In the mid-1980’s Professor Claus Manniche had a paper published in The Lancet describing his results in chronic low back pain. Widely regarded as the result of degenerative disease, the prevailing opinion at the time was that all such patients should be rested. Professor Manniche had instead set them exercise programmes. He discovered that patients did better when they exercise than when they rest.
Roundly derided, the specialist community consigned his paper to the bin. We all know now that history has shown him to be correct. The world and his wife do exercises in order to relieve back pain, be they Mackenzie exercises, Pilates exercises, yoga, aqua-aerobics and all manner of other physical jerks. As long as you are active for most of us the pain goes away.
One might have anticipated that such an amazing change in the way the medical profession and the world’s society responds to back pain would have resulted in Professor Claus Manniche resting on his laurels. A life travelling the lecture tours of the world bathing in the glory of his discovery lay before him.
Instead, this humble and remarkable man lay troubled by the fact that there was a group, accounting for 20-40% of the patients, who did not get better with exercise but instead got worse.
By this time the spinal world had adopted his theory of exercise and was labelling patients who failed to improve with their exercises as either lazy, workshy or in pursuit of “secondary gain”. All manner of psychosocial constructs were established to explain why such patients did not respond as they “really should”.
Professor Claus Manniche did not work out the answer to this puzzle himself, but he did establish a research community open to all comers from whatever profession they chose to enter.
At the University of Southern Denmark in his department there were chiropractors, physiotherapists, rheumatologists and research scientists. Indeed, their roles blended one into another as they sought objective data to answer their numerous questions.
From this broth of investigative verve emerged Hannah Albert and her research team.
Her discovery of bacteria in Modic-related back pain requires verification by independent researchers and will take time to be adopted as the eventual truth. The trials have to be replicated in other countries and by other centres.
However, it is the belief of The Spine Surgery London that when we look back on this period of medical research in future years, this will be the point, and she will be the individual to whom the abolition of suffering from Modic-related back pain, and the advent of a clear understanding in regard to the genesis of back pain in this group of patients will be attributed.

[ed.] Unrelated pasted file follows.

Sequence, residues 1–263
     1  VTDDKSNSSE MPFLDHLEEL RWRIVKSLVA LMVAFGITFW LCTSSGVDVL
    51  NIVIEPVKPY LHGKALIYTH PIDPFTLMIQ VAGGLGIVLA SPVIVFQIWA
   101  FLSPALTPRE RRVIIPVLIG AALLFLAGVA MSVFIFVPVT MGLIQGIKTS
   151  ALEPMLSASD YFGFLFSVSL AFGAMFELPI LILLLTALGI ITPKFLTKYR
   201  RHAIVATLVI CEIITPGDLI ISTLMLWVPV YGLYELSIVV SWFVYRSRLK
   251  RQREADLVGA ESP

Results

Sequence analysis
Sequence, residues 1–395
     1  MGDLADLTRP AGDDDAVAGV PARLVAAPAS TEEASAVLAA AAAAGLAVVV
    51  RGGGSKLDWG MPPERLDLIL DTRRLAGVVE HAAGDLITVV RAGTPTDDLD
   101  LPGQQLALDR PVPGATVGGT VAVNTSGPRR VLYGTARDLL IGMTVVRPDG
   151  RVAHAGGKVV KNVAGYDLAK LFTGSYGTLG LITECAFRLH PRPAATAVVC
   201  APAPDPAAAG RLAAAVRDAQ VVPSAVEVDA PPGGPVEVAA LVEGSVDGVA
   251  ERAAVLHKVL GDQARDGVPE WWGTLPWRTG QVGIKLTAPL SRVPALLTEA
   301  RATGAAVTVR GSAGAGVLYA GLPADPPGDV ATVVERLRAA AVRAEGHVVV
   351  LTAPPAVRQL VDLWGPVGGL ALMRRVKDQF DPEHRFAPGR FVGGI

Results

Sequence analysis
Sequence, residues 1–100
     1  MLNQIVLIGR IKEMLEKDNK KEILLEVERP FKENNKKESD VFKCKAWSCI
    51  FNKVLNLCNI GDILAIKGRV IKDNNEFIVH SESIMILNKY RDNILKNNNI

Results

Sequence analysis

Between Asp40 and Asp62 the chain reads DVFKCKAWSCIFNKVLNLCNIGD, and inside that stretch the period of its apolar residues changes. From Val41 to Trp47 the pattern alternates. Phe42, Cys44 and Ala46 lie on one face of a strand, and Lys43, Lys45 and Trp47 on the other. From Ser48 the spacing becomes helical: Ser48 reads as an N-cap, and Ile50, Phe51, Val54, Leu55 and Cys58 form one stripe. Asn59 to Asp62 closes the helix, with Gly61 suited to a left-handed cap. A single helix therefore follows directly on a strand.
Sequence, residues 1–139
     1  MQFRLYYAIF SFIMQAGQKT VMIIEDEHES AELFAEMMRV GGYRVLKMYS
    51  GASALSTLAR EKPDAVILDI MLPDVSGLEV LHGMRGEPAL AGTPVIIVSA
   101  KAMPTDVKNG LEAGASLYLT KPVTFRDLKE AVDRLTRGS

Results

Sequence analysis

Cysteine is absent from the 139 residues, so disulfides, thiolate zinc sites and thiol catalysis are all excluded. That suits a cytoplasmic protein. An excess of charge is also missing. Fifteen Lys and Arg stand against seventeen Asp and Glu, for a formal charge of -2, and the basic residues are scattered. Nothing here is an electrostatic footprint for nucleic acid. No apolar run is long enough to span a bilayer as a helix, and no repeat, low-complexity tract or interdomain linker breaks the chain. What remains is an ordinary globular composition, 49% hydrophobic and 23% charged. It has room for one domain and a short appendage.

There is an exact parallel to the changes that arose in the early 1980’s in regard to peptic ulceration. At that time there were wards in all advanced medical societies full of patients having parts of their stomachs removed because of ulcers. The psychosocial models of ulcer formation blossomed. These models entered our very language; “it is enough to give you ulcers” – “if he doesn’t stop working he’ll get an ulcer” – “he looked like he’d burst his ulcer”.
Type A personalities, stress, social deprivation and high-powered employment were all identified as being statistically associated with this disease. In fact a humble Australian scientist in the early 1980’s detected that ulcers were due, in large part, to bacterial infections of the stomach. Low-grade colonisation altered the acid production and produced ulcers.
Now, today, a simple breath test can confirm the presence or absence of the microbial Helicobacter and a brief course of antibiotics can cure it.
The author of this particular article for The Spine Surgery London, Mr Peter Hamlyn, was a junior doctor at University College Hospital in 1982. Working on the professorial surgical unit he had two wards each with 36 patients to look after. One of these wards was entirely devoted to the surgery of stomach ulcers. This surgery has entirely ceased as a result of the discovery of Helicobacter.
However his own brother was offered surgery over 10 years later, in the early 1990’s for an ulcer. On one of the rare occasions that he accepted the advice of his younger brother he was directed towards antibiotics instead. He still has his stomach, as do countless millions of others as a result of this discovery. It is reflective of the inertia within the medical profession that 10 years after this safe treatment was available he was still being offered surgery.
This is very early days, very early indeed, in the research into Modic-related back pain. However, a dramatic change for these patients, in the way they are treated and in the prognosis following their treatment is seen as very likely.
It is vital that the medical profession learns from its previous sloth in regard to the inappropriate surgical treatment of conditions for which adequate medical therapies have developed.
The author of this particular article for The Spine Surgery London is himself a surgeon. Having experience of MAST he is convinced of the need to promote research and development in this area.